Asymmetries described above may be introduced in a CES device (e.g., in a manufacturing process) using any one of several techniques to affect a structure or composition of a CEM substrate of CES. For example, as a bias and injected charge is applied to terminals of a CES device to place the CES device in a particular impedance state, physical properties or structure of the CES device may affect a rate of carrier injection . In a set operation to place a CES device in a low impedance or conductive state, for example, the CES device may be controlled via electron injection over a metal/insulator barrier. In one implementation, the structure or composition of CES device of Figure 7 A may be altered as shown in Figure 7B to introduce an asymmetry in set or reset voltage or current conditions. As shown in Figure 7B, region 714 is more heavily P-type doped than region 718. In another implementation as shown in Figure 7C, a region 724 is P-typed doped, region 728 is N-type doped and region 726 is maintained in an intrinsic state to provide a PIN structure. In such a PIN structure, injection of electrons may be amplified by injection via N-type doped region 728. This may tune switching behavior in a CES device by introducing different set voltage and current conditions and/or different reset voltage and current conditions in a reverse polarity (e.g., third quadrant).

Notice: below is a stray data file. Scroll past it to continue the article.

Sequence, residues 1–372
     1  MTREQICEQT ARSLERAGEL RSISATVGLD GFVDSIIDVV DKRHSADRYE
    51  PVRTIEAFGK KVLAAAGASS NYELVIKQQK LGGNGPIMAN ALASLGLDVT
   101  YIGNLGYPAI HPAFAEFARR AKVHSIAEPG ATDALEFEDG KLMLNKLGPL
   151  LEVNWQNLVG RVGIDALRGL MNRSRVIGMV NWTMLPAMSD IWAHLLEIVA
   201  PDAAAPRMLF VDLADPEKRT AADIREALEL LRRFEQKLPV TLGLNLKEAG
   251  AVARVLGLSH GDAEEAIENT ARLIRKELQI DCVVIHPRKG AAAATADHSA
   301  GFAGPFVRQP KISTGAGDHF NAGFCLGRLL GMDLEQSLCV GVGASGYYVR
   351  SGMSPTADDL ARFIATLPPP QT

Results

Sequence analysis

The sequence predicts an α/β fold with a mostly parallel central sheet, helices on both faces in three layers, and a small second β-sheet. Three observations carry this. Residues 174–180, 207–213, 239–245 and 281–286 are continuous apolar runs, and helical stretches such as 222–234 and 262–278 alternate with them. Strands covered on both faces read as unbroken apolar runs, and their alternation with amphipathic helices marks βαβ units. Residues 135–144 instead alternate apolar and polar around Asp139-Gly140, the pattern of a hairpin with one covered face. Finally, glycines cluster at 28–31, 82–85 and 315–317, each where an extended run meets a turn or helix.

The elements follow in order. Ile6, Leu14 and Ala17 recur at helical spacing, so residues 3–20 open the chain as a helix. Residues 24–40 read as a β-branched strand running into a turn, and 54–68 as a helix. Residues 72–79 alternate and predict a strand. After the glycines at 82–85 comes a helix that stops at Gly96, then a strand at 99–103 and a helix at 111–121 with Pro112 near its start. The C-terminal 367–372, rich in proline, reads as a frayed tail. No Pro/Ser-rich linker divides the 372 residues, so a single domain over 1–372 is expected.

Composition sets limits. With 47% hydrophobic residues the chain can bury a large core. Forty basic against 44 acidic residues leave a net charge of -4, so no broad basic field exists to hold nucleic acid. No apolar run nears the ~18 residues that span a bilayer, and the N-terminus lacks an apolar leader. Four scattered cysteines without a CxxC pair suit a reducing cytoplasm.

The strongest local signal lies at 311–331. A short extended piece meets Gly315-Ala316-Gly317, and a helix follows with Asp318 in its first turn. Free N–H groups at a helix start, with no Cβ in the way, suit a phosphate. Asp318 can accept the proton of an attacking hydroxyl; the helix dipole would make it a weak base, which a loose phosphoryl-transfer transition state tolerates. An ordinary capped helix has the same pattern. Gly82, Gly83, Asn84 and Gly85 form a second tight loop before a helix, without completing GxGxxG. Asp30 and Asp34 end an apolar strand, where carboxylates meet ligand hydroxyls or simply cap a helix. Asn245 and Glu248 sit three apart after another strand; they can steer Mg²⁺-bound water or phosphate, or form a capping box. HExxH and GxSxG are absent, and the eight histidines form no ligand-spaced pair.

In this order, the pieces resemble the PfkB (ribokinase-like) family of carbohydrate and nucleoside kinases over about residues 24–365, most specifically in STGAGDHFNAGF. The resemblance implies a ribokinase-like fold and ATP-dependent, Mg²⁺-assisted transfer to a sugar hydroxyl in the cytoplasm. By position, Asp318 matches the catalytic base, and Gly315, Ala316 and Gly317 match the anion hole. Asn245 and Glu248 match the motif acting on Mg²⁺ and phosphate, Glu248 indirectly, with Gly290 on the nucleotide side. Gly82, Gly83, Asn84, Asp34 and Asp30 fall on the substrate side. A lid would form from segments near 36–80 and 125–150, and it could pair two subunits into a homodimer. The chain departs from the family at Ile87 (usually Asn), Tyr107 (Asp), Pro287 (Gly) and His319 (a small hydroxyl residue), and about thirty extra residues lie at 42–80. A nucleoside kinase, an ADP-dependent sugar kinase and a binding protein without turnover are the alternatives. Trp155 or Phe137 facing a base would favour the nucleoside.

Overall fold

Figures 7D and 7E illustrate an example of how asymmetric operation may be introduced in an IPI device. Figure 7D shows a CES device comprising equally formed intrinsic regions 734 and 738 separated by a P-type doped region 736. As shown in Figure 7E, asymmetric set or reset voltage or current conditions may be introduced by replacing intrinsic region 738 with a P or P+ doped region 748. Additionally, asymmetric operation may be introduced by using asymmetric dimensions and/or asymmetric doping as illustrated in Figures 7F through 71. In the CES device shown Figure 7F, for example, an asymmetric size of P-type doped portions 754 and 758 separated by intrinsic region 756 may introduce asymmetries. This may be further altered by introducing gradient in a concentration of P-type doping as illustrated in Figure 7G. Here, a concentration of P-type doping in region 768 is highest toward terminal 770 and lowest toward intrinsic region 766 according to a gradient. In Figures 7H, P-type doped regions 782 and 786 may be the same dimensions. However, asymmetry of set or reset voltage or current conditions may be introduced by applying a gradient to a concentration in P-type doping in regions 782 and 786. As shown, a higher P-type doping concentration in region 782 occurs toward intrinsic region 784 and a lower P-type doping concentration occurs toward terminal 780, and a higher P-type concentration in region 786 occurs toward terminal 788 and a lower P-type doping concentration occurs toward intrinsic region 784. Figure 71 shows a single P-type doped region 794 between terminals 790 and 792. A P-type doping concentration gradient provides a highest concentration toward terminal 792 and a lowest P-type doping concentration toward terminal 790.